Wednesday, February 22, 2017

How did a picture from Ann Arbor's 1998 anti-Klan protest become a logo for anti-racist punks in Germany?

The front page of the May 10, 1998 Detroit News and Free Press. Note Tom Pidgeon's photograph on the right. It shows 18 year old Ann Arbor resident, Harlon Jones, kicking an unnamed white supremacist. Photo courtesy AADL's Old News program. 
On May 9th, 1998, Jeffery Berry, founder and imperial wizard of the American Knights of the Ku Klux Klan, led a rally at Ann Arbor City Hall. Berry brought 37 members of his DeKalb County, Indiana, KKK chapter to Ann Arbor with him. The 1998 visit was a fulfillment of Berry's promise after his 1996 rally, which had resulted in protesters clashing with police protecting the Klan: in his own words, Berry had vowed to return and return they did.
The 1996 rally saw anti-Klan protesters clashing with police and scuffling with Klan supporters. The most notable photograph of the day depicts 18-year-old Keshia Thomas, an African-American woman, using her body to protect a man with SS tattoos from an angry mob. As the time of the 1998 Klan rally neared, tensions were running high in Ann Arbor. The city erected barriers around City Hall, where Klan members would be speaking, and brought in reinforcements from other departments. There was also a volunteer Peace Team, who were there to protect the fence around City Hall. The anti-Klan protesters, headed by Anti-Racist Action, the Revolutionary Workers’ League, and the National Women’s Rights Organizing Committee,were also well organized.
Pidgeon's picture of Jones, enlarged an in color (left). The Good Night White Pride Logo (right), which originated in the German Hardcore and Oi! scenes.  

I should say at this point, that this article will not answer the question I pose in the headline. Much of the information about the Good Night White Pride (German Link) logo as well as Harlon Jones, the young man kicking the white supremacist come from two articles on the Tumblr Antifa International. Antifa International has an article dissecting the history of the image, as well as an interview with Jones. Neither of theses articles explain how the image of Jones crossed the Atlantic and made its way to anti-racist elements in the German Hardcore and Oi! scenes. According to the interview, Jones was part of a large group of protesters who first rallied at the Union before marching to City Hall. There they encountered riot police and the Peace Team guarding the fence. After milling around a bit some in the crown began to head off in a different direction. From the interview:
Jones: Then all of a sudden, I saw people running in the other direction, so I ran that way and there’s like five people chasing the guy you see in the picture, his friend, and one of their girlfriends. One of them had been approached and asked if they were KKK and he said yes. So we were kinda chasing them and the smaller guy and his girl got away but the other, bigger guy - it just felt like everybody backed up for one millisecond and I just came in and kicked him.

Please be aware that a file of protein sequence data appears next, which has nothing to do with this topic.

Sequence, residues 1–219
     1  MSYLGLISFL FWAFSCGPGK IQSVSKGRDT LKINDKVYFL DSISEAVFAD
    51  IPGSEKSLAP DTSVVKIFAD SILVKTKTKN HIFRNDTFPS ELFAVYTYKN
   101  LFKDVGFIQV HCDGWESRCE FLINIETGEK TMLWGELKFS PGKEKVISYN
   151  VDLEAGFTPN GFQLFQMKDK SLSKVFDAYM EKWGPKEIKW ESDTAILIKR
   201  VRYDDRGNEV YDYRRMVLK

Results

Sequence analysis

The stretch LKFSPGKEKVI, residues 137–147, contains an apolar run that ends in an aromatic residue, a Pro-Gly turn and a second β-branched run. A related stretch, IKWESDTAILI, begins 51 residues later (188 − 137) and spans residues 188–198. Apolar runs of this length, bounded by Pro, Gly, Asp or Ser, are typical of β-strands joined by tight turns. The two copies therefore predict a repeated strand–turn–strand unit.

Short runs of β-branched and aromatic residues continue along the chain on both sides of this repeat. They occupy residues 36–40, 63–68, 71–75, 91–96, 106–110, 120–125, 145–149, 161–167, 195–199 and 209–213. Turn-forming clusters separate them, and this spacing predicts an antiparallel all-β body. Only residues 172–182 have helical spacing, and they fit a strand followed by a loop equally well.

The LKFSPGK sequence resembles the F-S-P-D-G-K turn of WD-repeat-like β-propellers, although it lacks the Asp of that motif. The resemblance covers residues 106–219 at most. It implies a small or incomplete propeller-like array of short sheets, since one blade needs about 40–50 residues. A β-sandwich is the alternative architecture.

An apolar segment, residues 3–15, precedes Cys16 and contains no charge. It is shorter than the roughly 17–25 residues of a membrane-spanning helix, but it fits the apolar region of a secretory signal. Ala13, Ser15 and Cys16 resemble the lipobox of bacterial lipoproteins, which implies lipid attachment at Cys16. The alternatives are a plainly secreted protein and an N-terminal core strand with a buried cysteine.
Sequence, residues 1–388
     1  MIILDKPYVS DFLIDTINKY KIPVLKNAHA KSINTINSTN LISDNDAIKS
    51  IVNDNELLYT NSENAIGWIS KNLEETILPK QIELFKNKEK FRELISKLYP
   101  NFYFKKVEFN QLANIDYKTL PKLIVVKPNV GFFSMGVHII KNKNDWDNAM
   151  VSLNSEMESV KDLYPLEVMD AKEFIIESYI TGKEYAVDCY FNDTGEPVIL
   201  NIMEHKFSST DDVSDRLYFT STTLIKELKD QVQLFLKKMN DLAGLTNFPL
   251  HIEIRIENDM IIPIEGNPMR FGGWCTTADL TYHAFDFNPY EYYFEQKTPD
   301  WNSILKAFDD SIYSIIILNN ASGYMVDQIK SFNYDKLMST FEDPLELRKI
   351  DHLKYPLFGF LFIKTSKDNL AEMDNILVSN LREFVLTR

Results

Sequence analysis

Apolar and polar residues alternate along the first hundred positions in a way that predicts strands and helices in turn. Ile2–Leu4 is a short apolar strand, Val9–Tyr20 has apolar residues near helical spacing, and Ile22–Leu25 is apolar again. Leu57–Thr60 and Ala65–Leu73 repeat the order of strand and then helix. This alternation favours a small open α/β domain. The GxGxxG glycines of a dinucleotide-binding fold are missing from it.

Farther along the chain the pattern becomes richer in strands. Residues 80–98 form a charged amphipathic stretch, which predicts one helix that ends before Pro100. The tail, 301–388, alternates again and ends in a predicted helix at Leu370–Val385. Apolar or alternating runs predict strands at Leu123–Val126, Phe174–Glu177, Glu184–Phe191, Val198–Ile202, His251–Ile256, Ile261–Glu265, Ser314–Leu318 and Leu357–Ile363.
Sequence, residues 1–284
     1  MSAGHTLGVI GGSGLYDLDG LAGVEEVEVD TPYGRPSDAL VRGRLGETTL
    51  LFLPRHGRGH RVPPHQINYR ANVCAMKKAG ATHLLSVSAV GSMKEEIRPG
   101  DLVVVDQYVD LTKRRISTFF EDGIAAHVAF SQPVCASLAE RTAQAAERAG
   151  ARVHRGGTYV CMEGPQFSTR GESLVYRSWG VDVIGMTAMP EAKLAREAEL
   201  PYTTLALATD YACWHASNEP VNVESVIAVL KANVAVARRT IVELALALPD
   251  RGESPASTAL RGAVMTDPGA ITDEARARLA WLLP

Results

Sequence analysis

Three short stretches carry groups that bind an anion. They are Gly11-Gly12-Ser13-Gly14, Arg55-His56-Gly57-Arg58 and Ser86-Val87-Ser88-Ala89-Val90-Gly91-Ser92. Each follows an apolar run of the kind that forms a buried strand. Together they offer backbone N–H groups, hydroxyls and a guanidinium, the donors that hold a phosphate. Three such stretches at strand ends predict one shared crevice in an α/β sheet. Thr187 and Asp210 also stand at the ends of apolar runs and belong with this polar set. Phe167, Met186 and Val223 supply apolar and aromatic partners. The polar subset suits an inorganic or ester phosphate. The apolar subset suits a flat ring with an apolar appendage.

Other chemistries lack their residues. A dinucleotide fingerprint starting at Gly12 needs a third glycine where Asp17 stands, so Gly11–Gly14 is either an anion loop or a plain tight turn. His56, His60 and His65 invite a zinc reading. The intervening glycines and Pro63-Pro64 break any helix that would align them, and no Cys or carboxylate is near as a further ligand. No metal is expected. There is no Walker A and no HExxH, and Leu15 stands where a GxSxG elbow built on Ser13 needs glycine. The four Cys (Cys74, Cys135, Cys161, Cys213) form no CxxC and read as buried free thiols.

And I’ll never forget that right after that someone came up to me and said “Yo! They’re taking pictures of you man! Change hats with me!” So for the rest of the day, I didn’t even have the same hat.
So, sometime during that brief moment, photojournalist Tom Pidgeon, captured the iconic image that would appear on the cover of the next day's News and Free Press. It's worth noting the image is essentially the inverse of the picture of Keshia Thomas from the 1996 rally. In the end, Jones was never charged, though several other protesters were arrested. Six people were injured, including Jeffery Berry's wife. The city spent $137,000 protecting the Klan. In the weeks following the rally and protest, there was a good deal of discussion in the community about the role of protest in the community and  a debate about the place of "lawful" versus "unlawful" protest. I think many community members, though opposed to the Klan and offended by their presence, were equally opposed to the destructive protests that broke out. They disliked the tactics employed by the anarchists and anti-racists. It is difficult to say whether the protests of May 9th were successful. That said, though Berry's American Knights of the Ku Klux Klan remained active until his arrest for kidnapping in 2001, they never did return to Ann Arbor. Photo credits:
First photo AADL Old News
Second and Third images, Antifa International

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